The Argo arrived next at the country of the Bebryces, ruled by King Amycus. According to some traditions, after Amycus had been defeated by Pollux, the fighting between the Argonauts and the Bebryces became general. Many of the latter were killed and finally they fled in every direction.

    On the following day the Argonauts left again and, swept along by the wind, they put it on the coast of Thrace, that is to say on the European bank of the Hellespont, before they could make their way into the Bosphorus. There they found themselves in the land of Phineus, a son of Poseidon, and a blind seer on whom the gods had visited an extraordinary curse: every time a table laden with food was set before him, the Harpies, creatures half woman and half bird, swooped on the food, taking part of it and leaving the remainder polluted with their droppings. The Argonauts asked Phineus to tell them what the outcome of their expedition would be but the seer refused to give them an answer before they had rid him of the Harpies. The Argonauts bade him sit at their table and when the Harpies swooped down, Calais and Zetes, who had wings as they were sons of a god of the wind, launched themselves in pursuit, until the Harpies were exhausted and promised by the Styx not to molest King Phineus any more. Once his curse had been lifted Phineus revealed that part of the Argonauts' future which they were allowed to know. He warned them against a danger which would soon threaten them on their journey, namely the Blue Rocks, moving reefs which collided with each other. To know whether they would be able to pass between them, Phineus advised them to get a dove to fly in front of them. If it succeeded in passing through the straits in safety they would be able to follow it without danger. But if the reefs closed on it the will of the gods was against them and the wise course of action would be to abandon their attempt. Then he gave them some hints about the main landmarks on the route.

    After hearing this oracle the Argonauts went on their way. When they arrived at the Blue Rocks, also known as the Symplegades, meaning the Colliding Rocks, they let loose a dove which managed to get through the channel. But the rocks, closing up again, gripped the longest feathers of its tail. The heroes waited until the rocks had parted again and then made the passage in their turn. The ship got through safe and sound, but the stern was slightly damaged, like the tail of the dove. Ever since then the Blue Rocks have remained motionless, for fate had decreed that once a ship passed them safely they could move no more.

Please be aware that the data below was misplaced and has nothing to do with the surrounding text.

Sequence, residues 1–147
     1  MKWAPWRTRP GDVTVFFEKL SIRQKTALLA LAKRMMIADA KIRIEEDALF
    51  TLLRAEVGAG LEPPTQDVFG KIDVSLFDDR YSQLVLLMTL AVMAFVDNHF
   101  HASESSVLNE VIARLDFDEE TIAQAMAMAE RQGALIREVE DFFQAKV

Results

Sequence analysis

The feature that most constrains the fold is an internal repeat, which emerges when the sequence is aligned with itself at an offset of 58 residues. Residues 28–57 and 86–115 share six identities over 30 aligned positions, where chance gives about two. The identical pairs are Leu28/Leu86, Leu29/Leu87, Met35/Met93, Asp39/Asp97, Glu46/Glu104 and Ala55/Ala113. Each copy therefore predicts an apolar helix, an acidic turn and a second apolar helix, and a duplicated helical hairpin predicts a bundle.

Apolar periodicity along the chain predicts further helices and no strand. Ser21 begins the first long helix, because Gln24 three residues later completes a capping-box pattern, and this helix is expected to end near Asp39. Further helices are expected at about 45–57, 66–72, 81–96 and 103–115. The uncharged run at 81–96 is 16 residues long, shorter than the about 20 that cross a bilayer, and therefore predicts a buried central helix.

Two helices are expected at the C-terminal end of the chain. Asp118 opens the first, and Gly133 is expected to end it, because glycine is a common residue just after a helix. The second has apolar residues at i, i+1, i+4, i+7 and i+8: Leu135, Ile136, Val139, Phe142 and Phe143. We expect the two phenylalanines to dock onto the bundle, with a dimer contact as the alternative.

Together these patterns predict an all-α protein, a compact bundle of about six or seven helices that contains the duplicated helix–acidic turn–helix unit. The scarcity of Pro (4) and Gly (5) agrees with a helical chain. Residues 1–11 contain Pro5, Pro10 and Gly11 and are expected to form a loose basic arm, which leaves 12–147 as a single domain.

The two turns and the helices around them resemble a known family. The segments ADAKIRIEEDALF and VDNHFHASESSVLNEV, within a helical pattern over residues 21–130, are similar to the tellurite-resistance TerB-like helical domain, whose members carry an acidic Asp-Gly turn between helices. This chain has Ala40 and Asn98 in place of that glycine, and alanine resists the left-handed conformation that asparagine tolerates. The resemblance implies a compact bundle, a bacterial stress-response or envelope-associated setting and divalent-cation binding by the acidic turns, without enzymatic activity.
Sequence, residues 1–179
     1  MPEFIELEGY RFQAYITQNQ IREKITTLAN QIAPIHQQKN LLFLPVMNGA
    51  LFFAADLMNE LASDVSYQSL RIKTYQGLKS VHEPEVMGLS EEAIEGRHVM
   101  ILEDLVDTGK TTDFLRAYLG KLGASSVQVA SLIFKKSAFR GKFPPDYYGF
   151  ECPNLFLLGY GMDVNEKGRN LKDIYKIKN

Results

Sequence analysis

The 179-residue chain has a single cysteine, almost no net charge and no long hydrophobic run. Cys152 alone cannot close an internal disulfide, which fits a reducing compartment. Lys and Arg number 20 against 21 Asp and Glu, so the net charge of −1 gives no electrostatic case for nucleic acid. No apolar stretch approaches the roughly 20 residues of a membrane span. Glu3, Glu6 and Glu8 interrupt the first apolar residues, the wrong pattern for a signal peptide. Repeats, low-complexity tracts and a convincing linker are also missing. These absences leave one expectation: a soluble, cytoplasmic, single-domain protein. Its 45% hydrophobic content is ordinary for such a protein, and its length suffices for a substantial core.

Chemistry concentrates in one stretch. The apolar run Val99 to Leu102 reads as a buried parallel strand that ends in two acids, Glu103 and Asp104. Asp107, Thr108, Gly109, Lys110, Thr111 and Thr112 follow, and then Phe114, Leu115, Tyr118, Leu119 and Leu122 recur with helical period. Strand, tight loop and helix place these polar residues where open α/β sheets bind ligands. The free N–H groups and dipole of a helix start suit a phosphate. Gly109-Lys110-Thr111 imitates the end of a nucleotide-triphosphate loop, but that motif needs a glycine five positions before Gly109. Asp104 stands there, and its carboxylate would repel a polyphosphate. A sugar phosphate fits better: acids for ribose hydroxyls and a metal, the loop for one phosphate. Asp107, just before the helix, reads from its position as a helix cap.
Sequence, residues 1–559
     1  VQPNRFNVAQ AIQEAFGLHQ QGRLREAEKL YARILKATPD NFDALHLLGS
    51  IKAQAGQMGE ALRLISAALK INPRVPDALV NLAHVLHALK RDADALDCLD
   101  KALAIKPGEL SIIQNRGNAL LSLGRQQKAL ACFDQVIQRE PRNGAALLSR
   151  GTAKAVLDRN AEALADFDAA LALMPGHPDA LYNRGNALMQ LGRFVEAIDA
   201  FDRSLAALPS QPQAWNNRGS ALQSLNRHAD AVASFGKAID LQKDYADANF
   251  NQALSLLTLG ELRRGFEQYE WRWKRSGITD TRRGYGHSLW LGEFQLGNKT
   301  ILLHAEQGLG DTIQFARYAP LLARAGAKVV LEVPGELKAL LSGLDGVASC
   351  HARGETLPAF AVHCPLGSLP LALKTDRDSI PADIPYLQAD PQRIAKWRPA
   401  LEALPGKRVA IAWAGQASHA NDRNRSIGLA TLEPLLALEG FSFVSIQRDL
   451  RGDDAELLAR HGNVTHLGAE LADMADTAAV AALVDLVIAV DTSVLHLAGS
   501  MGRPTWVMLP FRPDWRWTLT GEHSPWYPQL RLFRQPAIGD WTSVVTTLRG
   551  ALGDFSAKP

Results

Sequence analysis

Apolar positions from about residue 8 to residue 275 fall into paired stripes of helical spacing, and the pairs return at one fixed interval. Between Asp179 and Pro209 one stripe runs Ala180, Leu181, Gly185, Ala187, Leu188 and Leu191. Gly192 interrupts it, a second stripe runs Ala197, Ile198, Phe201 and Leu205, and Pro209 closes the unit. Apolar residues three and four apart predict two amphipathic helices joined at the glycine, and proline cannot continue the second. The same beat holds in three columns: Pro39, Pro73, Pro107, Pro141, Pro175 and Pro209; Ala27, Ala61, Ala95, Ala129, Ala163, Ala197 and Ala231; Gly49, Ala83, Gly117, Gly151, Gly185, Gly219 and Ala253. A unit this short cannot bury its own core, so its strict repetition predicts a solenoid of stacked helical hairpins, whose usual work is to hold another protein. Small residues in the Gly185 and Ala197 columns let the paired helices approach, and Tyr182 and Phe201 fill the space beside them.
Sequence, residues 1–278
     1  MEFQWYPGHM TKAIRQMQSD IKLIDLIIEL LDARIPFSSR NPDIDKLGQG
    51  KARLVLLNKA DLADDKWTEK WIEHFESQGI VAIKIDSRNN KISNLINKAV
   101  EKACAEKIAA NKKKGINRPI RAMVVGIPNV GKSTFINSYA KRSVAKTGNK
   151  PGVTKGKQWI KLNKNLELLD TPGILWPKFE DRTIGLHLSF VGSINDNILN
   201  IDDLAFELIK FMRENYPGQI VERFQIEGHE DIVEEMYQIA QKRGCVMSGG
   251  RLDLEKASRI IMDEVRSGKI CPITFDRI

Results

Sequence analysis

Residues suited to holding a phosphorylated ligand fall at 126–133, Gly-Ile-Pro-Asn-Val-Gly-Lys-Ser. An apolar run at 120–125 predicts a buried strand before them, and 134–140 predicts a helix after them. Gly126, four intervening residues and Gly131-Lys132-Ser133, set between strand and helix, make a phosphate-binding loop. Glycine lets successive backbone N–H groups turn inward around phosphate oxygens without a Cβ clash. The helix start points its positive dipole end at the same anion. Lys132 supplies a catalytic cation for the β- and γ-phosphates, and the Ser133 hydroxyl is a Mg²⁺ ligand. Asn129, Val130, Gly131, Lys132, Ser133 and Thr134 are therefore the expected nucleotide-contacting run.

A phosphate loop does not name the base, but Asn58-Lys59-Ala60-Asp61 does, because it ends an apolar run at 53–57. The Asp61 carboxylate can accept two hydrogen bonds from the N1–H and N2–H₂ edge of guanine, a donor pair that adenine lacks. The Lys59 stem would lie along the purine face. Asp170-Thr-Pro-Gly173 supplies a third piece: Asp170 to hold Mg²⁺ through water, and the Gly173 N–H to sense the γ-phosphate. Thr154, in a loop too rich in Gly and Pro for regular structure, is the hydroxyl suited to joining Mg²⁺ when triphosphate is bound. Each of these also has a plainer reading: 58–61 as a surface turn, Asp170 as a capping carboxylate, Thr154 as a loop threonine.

Having thus made their way into the Euxine or Black Sea, the Argonauts reached the land of the Mariandyni whose king, Lycus, received them favourably. It was there, during a hunt, that the seer Idmon was wounded by a boar and died. There too their steersman Tiphys, died. His place at the helm was taken by Ancaea. Then the Argonauts passed the month of the Thermodon (the river on the banks of which the Amazons were sometimes said to live) then skirted the Caucasus and arrived at the mouth of the river Phasis, which was the goal of their voyage.

    The heroes disembarked and Jason presented himself to King Aeetes, to whom he explained the mission with which Pelias had entrusted him. The king did not refuse to give him the Golden Fleece, but added as a condition that he should yoke, unaided, two bulls with brazen hoofs which breathed fire from their nostrils. These huge bulls, which Hephaestus had given Aeetes, had never known the yoke. When he had finished this first test Jason would have to plough a field and sow the teeth of a dragon. These were the rest of the teeth of Ares' dragon at Thebes, which Athena had given to Aeetes (see Cadmus and Ares).

    Jason was wondering how he could yoke these monstrous beasts when Medea, the king's daughter, who had fallen deeply in love with him, came to help him. She began by making him promise that he would marry her and take her to Greece if she allowed him to succeed in the tests which her father had set him - a promise which Jason made. Medea then gave him magic balsam (for she was very skilled in all the occult arts) with which he was to cover his body and his shield before he attacked the bulls of Hephaestus. This balm had the property of making anyone covered by it invulnerable for a whole day to harm from iron or fire. Furthermore, it showed him that the dragon's teeth would give birth to a crop of armed men who would try to kill the hero, but he had only to throw a stone into their midst from a distance and the men would start to attack each other, each accusing his neighbour of having thrown the stone, and they would all be killed by each other's blows.